Hazard plays the ball in between Jimenez and Doherty, Loftus-Cheek turns, takes a touch out of his feet and has a speculative attempt on the Wolves goal. Coady tries to head it out for a corner, doesn’t get enough on it, 1-0 to Chelsea. In Coady’s weak defence, if he hadn’t have headed it, the ball may well have fallen into Morata’s path. It all worked out well in the end for Wolves, mind.
Two Last-Ditch Tackles Save The Game
Either side of halftime, Ryan Bennett and Willy Boly kept Wolves in the game with two tackles that would make any defender in the world proud. Before we look at Boly’s, we’ll look at how Ryan Bennett seemingly morphed into Usain Bolt and prevented Willian from making it 2-0 to Chelsea before the interval.
From a Wolves point of view, there are so many things going wrong here. The centre-half triangle of Boly, Coady and Bennett is pointing the wrong way as Coady is meant to be the base of the triangle, not the point. Like many before him, he gets drawn into trying to win the ball off Hazard which leaves us in the above situation, him frantically tracking back. Vinagre is far too flat-footed which is annoying as he’s probably the only player that could keep up with Willian in a foot race. The only player apart from Ryan Bennett, that is.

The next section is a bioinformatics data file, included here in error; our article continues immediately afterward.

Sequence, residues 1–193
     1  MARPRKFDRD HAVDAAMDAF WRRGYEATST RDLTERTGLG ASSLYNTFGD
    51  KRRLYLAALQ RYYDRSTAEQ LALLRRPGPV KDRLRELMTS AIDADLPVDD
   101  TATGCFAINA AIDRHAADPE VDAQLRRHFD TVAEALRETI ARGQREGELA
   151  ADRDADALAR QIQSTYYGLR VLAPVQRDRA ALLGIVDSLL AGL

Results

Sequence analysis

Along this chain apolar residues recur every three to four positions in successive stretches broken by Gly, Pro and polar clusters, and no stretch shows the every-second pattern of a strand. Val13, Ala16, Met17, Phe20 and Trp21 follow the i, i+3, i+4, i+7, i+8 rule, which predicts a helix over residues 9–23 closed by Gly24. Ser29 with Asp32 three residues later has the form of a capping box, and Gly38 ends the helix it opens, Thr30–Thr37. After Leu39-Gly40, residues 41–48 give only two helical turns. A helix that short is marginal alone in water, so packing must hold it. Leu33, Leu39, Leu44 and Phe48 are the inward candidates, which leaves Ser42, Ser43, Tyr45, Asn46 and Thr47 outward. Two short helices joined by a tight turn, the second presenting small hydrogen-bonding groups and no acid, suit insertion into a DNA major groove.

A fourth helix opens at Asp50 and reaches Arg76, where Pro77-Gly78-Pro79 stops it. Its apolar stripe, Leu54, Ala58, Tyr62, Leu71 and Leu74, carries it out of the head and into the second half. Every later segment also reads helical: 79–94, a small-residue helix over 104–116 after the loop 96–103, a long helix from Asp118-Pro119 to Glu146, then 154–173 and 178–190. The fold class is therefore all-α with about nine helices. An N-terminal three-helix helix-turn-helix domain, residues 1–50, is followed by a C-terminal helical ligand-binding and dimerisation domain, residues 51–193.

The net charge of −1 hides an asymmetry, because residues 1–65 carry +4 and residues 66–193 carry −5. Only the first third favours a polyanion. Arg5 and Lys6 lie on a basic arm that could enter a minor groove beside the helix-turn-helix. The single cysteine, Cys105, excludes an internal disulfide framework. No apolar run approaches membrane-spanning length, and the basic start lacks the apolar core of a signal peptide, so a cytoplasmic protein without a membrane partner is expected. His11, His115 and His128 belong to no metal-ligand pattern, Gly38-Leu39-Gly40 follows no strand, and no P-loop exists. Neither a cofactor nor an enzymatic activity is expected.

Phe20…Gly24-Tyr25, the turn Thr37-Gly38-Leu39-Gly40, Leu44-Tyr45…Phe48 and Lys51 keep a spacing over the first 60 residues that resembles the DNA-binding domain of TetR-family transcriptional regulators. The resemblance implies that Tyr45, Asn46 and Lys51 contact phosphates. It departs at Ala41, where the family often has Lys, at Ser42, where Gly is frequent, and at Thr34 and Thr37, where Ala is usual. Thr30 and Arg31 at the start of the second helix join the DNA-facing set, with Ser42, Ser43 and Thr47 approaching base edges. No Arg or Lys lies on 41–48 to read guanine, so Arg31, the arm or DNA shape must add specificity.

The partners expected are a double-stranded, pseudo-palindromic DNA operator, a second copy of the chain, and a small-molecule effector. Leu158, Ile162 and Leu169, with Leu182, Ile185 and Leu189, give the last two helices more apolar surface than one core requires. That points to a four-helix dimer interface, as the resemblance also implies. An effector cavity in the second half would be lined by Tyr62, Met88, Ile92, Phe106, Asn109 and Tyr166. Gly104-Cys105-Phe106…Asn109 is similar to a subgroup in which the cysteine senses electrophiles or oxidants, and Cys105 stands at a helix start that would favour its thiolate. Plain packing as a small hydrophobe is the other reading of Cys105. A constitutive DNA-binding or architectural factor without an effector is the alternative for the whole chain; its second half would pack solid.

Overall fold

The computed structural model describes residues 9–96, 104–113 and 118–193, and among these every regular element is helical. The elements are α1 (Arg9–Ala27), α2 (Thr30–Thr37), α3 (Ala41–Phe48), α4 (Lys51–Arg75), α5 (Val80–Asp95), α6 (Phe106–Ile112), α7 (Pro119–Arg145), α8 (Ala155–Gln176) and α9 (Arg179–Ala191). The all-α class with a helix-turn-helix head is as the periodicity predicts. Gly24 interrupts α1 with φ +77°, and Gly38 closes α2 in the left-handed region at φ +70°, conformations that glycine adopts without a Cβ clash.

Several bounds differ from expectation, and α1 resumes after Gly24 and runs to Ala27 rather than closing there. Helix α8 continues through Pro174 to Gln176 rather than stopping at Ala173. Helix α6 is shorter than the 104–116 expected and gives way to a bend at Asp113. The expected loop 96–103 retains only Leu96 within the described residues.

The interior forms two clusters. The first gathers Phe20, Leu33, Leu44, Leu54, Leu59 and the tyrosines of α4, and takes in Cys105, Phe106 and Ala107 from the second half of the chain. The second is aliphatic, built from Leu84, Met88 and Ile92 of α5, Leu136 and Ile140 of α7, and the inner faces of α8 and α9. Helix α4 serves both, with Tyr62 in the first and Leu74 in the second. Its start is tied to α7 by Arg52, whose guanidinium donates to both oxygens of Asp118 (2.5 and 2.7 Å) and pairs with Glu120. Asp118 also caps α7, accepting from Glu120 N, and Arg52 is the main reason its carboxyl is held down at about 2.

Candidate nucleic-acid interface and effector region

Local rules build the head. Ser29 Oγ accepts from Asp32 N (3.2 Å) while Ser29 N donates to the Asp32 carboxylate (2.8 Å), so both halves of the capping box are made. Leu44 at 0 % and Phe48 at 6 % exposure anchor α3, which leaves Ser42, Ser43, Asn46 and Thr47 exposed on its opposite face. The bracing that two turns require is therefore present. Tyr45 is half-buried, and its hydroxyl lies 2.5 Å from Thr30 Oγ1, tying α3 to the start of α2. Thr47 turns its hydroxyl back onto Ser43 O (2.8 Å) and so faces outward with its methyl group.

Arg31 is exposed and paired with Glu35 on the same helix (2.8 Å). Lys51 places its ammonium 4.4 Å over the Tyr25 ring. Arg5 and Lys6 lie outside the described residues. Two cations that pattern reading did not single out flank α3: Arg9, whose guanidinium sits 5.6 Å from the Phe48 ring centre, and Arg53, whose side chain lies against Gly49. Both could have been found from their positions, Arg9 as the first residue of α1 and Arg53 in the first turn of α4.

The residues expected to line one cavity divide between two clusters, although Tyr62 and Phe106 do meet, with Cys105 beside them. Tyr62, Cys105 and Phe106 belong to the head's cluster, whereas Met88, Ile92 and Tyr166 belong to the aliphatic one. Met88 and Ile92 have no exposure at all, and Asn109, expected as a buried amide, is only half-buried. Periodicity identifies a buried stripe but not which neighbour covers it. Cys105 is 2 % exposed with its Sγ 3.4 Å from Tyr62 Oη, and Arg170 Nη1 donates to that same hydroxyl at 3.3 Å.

On the far left-hand side, from a Chelsea perspective, they have a man in a ridiculous amount of room because Doherty was pressing high up the pitch as Wolves sought an equaliser before the break. Inadvertently, it left Nuno’s side with this precarious outlook.
Bennett Blasts Willian